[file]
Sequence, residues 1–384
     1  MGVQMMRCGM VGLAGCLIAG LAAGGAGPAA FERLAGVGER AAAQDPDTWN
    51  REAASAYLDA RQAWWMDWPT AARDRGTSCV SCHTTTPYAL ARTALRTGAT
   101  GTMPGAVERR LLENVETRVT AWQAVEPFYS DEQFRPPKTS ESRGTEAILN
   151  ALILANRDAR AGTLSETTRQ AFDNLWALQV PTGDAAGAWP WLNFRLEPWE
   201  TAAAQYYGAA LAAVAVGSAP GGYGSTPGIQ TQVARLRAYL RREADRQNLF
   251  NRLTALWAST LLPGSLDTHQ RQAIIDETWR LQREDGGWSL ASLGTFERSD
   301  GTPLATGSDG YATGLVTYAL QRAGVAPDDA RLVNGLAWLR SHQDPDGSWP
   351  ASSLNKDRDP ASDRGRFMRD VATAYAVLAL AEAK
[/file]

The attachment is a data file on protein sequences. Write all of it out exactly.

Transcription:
Sequence, residues 1–384
     1  MGVQMMRCGM VGLAGCLIAG LAAGGAGPAA FERLAGVGER AAAQDPDTWN
    51  REAASAYLDA RQAWWMDWPT AARDRGTSCV SCHTTTPYAL ARTALRTGAT
   101  GTMPGAVERR LLENVETRVT AWQAVEPFYS DEQFRPPKTS ESRGTEAILN
   151  ALILANRDAR AGTLSETTRQ AFDNLWALQV PTGDAAGAWP WLNFRLEPWE
   201  TAAAQYYGAA LAAVAVGSAP GGYGSTPGIQ TQVARLRAYL RREADRQNLF
   251  NRLTALWAST LLPGSLDTHQ RQAIIDETWR LQREDGGWSL ASLGTFERSD
   301  GTPLATGSDG YATGLVTYAL QRAGVAPDDA RLVNGLAWLR SHQDPDGSWP
   351  ASSLNKDRDP ASDRGRFMRD VATAYAVLAL AEAK